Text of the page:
MEYERS: (Reading) There once was a bear who was easily scared. Each night before going to sleep, he would tie a bell to his door that would make a noise if anyone tried to sneak in because even a bear who is easily scared is a very heavy sleeper. He was even afraid of his own reflection. And because he couldn't see himself, he never brushed well and always had food stuck in his teeth. When you're a scared bear with food in your teeth, you don't have many friends. Bear had one - Rabbit. Rabbit was never scared. She read scary stories. She slept with her door wide open. And she brushed her teeth while hanging from a tree branch by her ears. This gave her very strong ears. One day, Rabbit made an announcement. Bear, we are going on an adventure. Bear suggested that instead of going on an adventure, they could read a book about adventures. That way, if anything goes wrong, we can just close the book. Rabbit looked at her friend and asked, Bear, are you scared? And Bear replied, I'm not scared; you're scared. And with that, Bear walked past Rabbit and out the front door.
GROSS: So they actually do go on an adventure. Do you want to explain what happens?
MEYERS: They go on an adventure, and at every hurdle, Bear is afraid but doesn't want to admit he's afraid. And Rabbit tries to impress upon Bear that the woods are not scary. The river is not deep. The mountain is not high. And Bear chooses instead to take the long way around all of those tasks. And at each point, Rabbit asks him if he's scared, and he continues to dig in his heel and stressed that he's not scared; Rabbit's scared. But then eventually, Rabbit does something that's genuinely scary, and it goes wrong, and Bear is forced to confront his own fears to save his friend, which is the climax of the book (laughter). But it really is a book about friendship. It's about our relationship with fear. It's about the moments when you have to push past it. It's about the moments when maybe you should listen to your fear a little bit more. And hopefully, it's a book that parents can read to their kids and then talk about exactly what their kids are afraid of and how they're approaching dealing with that.
GROSS: Two of the things I especially liked about the book - one is the part, which is in the passage you read, in which Bear says, can't we just read about an adventure instead of going on one? That way, we could just close the book if it gets too scary. That would have been me (laughter).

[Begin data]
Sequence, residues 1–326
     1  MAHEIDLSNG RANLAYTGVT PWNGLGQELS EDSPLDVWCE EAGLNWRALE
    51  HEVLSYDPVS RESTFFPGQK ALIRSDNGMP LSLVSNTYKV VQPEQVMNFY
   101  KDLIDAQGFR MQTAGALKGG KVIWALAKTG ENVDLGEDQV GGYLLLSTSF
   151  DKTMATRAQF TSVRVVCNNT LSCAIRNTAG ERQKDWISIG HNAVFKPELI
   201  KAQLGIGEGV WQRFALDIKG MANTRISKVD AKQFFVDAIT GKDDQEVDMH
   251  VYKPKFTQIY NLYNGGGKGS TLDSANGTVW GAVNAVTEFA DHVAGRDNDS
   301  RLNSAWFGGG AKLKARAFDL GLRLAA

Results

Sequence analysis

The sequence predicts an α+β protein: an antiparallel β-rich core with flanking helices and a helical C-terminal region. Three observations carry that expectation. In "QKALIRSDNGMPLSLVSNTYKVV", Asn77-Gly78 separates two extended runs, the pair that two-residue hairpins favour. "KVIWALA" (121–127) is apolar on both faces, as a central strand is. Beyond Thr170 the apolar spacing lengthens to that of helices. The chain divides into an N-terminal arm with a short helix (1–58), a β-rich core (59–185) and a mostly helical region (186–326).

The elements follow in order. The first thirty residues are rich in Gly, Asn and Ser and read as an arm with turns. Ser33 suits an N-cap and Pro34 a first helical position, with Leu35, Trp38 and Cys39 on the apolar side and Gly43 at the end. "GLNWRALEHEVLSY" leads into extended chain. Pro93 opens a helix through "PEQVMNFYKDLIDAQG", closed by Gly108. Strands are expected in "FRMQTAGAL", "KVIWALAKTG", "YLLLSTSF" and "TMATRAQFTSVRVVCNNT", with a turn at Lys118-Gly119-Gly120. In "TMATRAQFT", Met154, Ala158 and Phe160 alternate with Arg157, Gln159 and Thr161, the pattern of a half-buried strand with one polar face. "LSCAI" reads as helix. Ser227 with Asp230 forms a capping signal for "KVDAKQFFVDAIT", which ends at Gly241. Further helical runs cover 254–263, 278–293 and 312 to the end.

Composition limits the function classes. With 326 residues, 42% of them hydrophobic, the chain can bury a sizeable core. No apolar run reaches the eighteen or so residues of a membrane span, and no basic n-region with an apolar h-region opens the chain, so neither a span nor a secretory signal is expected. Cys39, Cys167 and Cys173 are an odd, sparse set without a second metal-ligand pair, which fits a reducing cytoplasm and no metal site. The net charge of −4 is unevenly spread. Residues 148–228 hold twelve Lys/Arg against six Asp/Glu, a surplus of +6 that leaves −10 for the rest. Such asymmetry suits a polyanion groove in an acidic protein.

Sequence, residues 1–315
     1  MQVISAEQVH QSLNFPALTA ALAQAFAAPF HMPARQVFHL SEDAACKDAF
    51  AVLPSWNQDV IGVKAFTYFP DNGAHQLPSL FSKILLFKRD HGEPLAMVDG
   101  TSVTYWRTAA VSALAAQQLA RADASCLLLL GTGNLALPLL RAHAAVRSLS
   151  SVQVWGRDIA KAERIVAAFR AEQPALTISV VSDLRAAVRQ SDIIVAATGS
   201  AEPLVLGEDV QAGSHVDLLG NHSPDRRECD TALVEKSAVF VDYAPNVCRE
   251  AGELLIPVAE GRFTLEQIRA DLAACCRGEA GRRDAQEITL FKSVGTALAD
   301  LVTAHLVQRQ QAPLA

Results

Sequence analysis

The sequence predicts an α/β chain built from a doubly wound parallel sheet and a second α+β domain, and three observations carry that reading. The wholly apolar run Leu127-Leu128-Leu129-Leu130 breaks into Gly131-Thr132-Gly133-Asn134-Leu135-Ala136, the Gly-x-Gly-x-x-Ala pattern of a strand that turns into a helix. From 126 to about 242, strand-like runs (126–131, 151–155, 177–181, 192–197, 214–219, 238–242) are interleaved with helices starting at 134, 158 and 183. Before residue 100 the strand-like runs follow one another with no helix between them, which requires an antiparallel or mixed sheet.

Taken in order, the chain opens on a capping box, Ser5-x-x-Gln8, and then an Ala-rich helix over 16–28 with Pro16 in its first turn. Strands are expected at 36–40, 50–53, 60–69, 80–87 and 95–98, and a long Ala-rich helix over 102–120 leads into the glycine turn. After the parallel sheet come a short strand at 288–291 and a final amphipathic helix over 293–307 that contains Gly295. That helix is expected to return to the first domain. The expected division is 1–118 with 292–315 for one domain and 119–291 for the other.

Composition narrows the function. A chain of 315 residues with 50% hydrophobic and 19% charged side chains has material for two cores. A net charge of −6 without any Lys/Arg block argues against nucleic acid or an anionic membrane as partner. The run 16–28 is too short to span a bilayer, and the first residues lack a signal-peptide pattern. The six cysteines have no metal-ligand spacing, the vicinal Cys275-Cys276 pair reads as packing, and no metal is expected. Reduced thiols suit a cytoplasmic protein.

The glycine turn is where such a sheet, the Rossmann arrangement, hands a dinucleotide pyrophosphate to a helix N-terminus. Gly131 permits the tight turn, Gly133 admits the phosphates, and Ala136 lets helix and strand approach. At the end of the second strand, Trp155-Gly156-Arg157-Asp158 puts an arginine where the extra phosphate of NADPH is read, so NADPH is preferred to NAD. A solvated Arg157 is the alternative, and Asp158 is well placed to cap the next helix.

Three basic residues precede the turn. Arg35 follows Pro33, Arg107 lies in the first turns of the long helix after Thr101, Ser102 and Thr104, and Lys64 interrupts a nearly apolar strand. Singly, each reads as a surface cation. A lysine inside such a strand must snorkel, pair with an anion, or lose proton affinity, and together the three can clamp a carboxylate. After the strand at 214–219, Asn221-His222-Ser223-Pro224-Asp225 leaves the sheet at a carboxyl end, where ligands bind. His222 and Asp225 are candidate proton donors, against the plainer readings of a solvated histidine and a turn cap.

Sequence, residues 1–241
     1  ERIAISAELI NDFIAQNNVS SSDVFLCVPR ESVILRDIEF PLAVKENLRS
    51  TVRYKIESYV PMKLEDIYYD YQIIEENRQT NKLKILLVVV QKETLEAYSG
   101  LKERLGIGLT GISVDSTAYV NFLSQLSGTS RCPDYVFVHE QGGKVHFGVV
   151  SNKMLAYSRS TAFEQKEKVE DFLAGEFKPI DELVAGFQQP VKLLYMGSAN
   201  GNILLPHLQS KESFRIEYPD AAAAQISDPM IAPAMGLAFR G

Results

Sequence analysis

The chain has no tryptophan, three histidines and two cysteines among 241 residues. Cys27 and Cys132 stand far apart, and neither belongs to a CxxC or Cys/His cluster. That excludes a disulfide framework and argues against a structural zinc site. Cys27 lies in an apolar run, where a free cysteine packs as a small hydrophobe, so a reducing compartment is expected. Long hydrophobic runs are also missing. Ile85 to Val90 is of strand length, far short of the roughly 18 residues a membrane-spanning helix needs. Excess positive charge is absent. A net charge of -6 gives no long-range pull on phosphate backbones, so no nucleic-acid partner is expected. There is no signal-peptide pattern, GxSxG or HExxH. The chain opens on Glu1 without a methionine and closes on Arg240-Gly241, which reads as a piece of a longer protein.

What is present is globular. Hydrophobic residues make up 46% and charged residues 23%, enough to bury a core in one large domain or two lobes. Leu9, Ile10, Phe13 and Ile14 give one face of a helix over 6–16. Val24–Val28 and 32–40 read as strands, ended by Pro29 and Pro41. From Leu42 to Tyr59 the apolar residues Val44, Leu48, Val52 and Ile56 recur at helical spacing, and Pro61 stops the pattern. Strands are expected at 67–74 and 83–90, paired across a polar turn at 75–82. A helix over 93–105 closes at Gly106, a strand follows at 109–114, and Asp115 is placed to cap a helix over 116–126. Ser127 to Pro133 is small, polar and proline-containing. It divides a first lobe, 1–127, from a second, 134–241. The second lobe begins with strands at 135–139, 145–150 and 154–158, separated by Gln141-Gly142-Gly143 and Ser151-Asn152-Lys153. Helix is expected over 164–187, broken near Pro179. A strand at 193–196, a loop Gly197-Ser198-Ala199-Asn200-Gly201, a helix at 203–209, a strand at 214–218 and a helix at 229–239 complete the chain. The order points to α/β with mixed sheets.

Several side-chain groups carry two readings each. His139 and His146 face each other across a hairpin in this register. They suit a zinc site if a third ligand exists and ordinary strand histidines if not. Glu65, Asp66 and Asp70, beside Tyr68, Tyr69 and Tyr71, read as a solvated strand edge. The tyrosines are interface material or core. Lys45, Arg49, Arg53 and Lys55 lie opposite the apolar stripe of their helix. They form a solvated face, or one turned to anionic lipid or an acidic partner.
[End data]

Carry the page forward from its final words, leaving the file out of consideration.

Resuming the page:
MEYERS: That would have been me, too - 100% me.
GROSS: And - but, you know, I also like that Rabbit does something pretty stupid, and Bear realizes it's stupid, and Bear leaves. And then, you know, Bear - the rabbit's walking across this rickety bridge that can't hold Bear's weight, and Bear says, this is dangerous; it can't hold anything heavy. So he turns back, and the bridge collapses while Rabbit's on it, and that's why Bear has to go rescue him. Like, sometimes what seems like courage is just, like, stupidity, you know - like, taking really stupid risks. And I like that point, too, that sometimes caution really is the way to go.
MEYERS: Well, that's what I mean about our relationship with fear. You know, as a parent, there are things I'm frustrated my kids are afraid of because I think, as an adult, I see them as irrational fears, but there are other things I am thrilled that they're afraid of and that their fear tells them not to go to the top of the jungle gym before they're old enough to go across the monkey bars and that fear tells them to stop their bikes before the street. And ultimately, as a parent, you want your kids to have an internal risk meter that they're constantly maturing and growing into, and that way you can - (laughter), you know, not that as a parent, you're ever going to relax, but you can at least relax a little bit because I think there's - it would be very - nothing would be scarier to me than having a fearless child.
GROSS: I know you obviously didn't intend this, but when I read the book, I was thinking about the children in Ukraine who have been forced to find courage and strength as they flee Ukraine or hide in their homes. And I'm sure they're terrified, but they're forced to rise to the occasion 'cause they don't have a choice, and that's one of the messages in your book, that, like, when you're forced to, you find the courage. So I'm wondering if you're thinking about that at all. I mean, I know it's not what you intended.